Hold tight London…
I’m sat on a tuft of grass at the side of a Greenwich road. Even though it’s only 9.36am, the sun is starting to scorch the back of my neck. Around me a multi-coloured shuffle of running shoes scuffs the grey asphalt of south East London, like bulls ready to charge.
Fifty or sixty caged runners fix their gaze on a point in the distance. Some stare intently at the race clock, ticking slowly towards 10am. Others fixate on a big red banner that says ‘START’. Wondering how long it’ll be before they’ll see a big red banner that says ‘FINISH’.
Laces are checked. Checked again. Shirts are untucked and retucked. GPS watches bleep into life. Mobile phones buzz with messages of support. Clammy hands clutch unopened gels.
Hardly a word is exchanged.
In Pen Number One of the London Marathon, things are different. Focused. Serious. Not a rhino costume in sight.
This is new territory for me and I’m feeling tense.
I put my head in my hands and press hard on my eyes, trying to blacken out the hubbub around me.
I lock a pair of Monster iSport Victory headphones into my ears and pump New Order’s Blue Faith into the darkness, trying to force out the scatter-gun thoughts. I focus on one thing - the race plan.
I turn it over in my mind. Seven at seven, fourteen at six-forty, six point two at seven. Seven at seven, fourteen at six-forty, six point two at seven. Rinse and repeat.
I visualise turning the final corner onto the Mall with the clock on 2:59, creating a mental image of success.
Next time I look up, the big yellow clock ticks to 9:55am. With five minutes to go, the advice of my coach Giuseppe jostles its way front of mind.
“Get your heart rate up to a decent level before you start,” I hear him saying. “You don’t want to start cold.”
I spring to my feet, and in what little space I can find, I start jogging on the spot. Prancing like a Spanish show horse until my Garmin registers 100+ BPM.
Next I rip open a carb gel, the first of seven gloopy strawberry and vanilla energy hits I’ll sink today. The pre-race ritual continues as I fire up my run-tracking app, Endomondo, and get my back-up GPS locked.
Next it’s music. I open my 3:15 minute long London Marathon Spotify playlist and think to myself, I hope I don’t need those last two tracks.
At that point I realise a tide of texts, Tweets, Tumblr notes and emails of support have flooded my phone. The support is overwhelming. Inspiring. Moving. Each 140 collection of 140 characters pumps my chest a little more. Makes the heart beat a little quicker. 108 BPM, says Garmin.
One email in particular stands out. A message from an old friend I’ve not heard from for ages. Someone I never thought I’d hear from again.
“You are so skinny,” It says, referencing the new nine percent body fat frame I’ve chiselled out in training. “Happy birthday and good luck.”
It’s the finishing touch. The final motivational message.
This one means the world. There’s history here. It’s a message from the person who gave me Born to Run in 2010, the book that sparked my passion for running. The timing of it is uncanny. Knowing they’re on my team is huge. It feels like a circle being closed. Neatly. Fitting.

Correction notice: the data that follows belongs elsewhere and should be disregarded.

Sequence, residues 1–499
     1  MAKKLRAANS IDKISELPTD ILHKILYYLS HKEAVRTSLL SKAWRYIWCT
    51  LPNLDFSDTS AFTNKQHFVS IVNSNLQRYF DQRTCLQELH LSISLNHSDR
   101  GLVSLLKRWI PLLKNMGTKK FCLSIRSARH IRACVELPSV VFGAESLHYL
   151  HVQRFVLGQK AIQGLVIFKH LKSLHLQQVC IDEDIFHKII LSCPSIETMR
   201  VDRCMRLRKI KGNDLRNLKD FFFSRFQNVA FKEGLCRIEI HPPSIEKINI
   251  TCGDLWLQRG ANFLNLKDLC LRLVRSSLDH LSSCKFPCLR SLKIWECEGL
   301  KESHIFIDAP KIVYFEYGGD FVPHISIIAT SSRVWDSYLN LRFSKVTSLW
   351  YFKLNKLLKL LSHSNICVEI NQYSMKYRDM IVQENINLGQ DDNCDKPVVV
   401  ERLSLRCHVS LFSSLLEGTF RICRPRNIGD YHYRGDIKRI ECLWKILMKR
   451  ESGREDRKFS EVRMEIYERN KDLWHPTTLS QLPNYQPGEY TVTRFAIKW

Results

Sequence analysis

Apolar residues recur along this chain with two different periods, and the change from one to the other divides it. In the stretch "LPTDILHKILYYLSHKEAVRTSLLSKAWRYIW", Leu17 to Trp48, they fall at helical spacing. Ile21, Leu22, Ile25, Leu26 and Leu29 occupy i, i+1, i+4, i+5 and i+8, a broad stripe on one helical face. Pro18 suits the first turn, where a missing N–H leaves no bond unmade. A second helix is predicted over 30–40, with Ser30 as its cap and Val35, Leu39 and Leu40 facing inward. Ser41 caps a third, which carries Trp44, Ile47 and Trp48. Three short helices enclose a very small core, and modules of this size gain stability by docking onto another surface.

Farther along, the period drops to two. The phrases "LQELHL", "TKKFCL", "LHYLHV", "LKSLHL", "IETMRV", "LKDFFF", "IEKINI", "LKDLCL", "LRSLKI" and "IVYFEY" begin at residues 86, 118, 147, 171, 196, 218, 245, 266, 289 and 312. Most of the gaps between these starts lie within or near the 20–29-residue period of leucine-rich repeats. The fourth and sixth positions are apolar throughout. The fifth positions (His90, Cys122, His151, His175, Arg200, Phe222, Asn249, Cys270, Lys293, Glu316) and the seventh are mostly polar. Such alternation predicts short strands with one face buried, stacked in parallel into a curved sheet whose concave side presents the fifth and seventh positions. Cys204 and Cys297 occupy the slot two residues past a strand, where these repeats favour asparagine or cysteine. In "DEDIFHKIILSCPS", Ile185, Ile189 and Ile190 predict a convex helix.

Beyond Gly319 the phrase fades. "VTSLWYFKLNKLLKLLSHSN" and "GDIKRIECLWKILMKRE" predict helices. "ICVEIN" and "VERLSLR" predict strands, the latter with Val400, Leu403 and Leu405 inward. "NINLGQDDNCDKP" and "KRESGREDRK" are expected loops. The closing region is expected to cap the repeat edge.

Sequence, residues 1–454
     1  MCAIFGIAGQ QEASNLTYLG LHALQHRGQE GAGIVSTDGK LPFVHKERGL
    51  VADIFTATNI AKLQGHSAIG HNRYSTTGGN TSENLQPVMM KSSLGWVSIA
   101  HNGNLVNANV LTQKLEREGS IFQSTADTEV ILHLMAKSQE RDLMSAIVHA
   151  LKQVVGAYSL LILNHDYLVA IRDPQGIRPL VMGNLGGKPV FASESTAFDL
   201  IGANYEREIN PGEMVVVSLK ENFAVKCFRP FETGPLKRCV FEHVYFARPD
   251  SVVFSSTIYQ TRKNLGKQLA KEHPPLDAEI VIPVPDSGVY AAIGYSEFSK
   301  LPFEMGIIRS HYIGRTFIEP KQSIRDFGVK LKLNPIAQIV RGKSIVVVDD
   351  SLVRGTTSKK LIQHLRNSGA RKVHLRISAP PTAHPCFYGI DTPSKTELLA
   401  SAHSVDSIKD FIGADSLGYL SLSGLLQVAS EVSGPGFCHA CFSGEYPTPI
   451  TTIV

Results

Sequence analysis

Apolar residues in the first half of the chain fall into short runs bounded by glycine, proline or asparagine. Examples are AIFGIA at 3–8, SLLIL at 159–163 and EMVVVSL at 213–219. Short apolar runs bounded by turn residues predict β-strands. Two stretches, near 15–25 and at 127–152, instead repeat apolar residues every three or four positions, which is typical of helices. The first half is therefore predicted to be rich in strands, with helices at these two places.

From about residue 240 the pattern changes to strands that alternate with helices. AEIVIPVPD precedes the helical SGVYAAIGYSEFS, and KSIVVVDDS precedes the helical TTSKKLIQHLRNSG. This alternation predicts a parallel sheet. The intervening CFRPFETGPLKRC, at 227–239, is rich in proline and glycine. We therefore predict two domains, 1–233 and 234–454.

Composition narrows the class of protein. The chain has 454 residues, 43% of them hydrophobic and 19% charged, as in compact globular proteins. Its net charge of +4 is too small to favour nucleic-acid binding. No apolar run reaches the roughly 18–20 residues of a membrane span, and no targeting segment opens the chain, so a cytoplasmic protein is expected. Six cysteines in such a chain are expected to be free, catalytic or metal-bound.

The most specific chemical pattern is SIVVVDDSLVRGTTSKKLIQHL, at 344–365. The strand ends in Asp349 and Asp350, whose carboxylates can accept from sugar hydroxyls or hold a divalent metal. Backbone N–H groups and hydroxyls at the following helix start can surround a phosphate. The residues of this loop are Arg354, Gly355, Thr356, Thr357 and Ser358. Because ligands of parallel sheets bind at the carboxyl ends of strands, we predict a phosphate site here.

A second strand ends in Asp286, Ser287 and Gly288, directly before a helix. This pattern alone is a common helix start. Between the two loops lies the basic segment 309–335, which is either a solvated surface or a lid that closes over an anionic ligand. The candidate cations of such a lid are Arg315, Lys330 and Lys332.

I swallow a little lump that’s lodged in my throat and look at the clock. Fifty seconds to go.
I hit play on Spotify and the Farm’s Altogether Now soundtracks the final countdown and our collective shuffle to the red-rubber chip mats. My that biggest running challenge to date starts when my foot hits those mats.
One step and a bleep later and I’m off running, chasing the clock through the streets of South East London.
Marathon starts are always busy but London is more congested than most. There’s a propulsion in the first few miles that makes you feel like you and the swarm of runners around you have just been fired from a giant slingshot down the road. It’s hard not to take off like a shot.
But I’ve got a race plan. “7,6:40, 7” I mutter to myself. Three miles later I hit the 5km mark and realise I’m averaging 6:40 minute miles.
Then I make the mistake most marathon runners make. I do the checks. How do I feel? Good. How am I running? Is this pace ok? Yes. Brilliant, looks like I’m bossing this. Let’s kick on. The goal is sub-3 but I start to believe my training means I can go faster. The question is how greedy should I be?
It’s this kind of thinking that sees you wretching up your pre-race breakfast at mile twenty two.
First I hit 5km in 20:56. Then I reach the six mile mark having run every mile between 5 and 20 seconds faster than the plan. When it’s time to up the pace to the planned 6:40 for mile six to 14, I naturally start clocking 6:30s.
London’s streets and sights whizz by in a blur. I’m in the zone, taking one mile at a time. Every mile that ticks by in the planned 6:40 or less is just another piece of this puzzle I’m slotting into place.
Around mile eight, I get a little nudge. My friend Simon has arrived running alongside me just in time to catch me singing terrible Euro techno out loud.
We share a few words. He’s incredibly chirpy but then he’s a comfortable sub-3 runner. “Having a great day,” he says. “Suns out, I’m running in my home city, catching up with friends.” His positivity gives me a welcome boost. In a sea of 35,000 runners it’s a great moment to literally run into a mate. But it’s brief. I have to say goodbye and get my head down to run my own race.
At mile 12, we cross Tower Bridge, one of the most famous sections of the course. I’ve been here before. Back inn 2012 it made every hair on my neck stand and salute and this year is no different.
The crowds line the bridge with balloons, banners, clappers and klaxons. It’s a truly special moment, striding across an iconic part of London in the blazing sunshine with the cheers of thousands pushing you on.
No one here wants anyone to fail. It’s quite a unique feeling.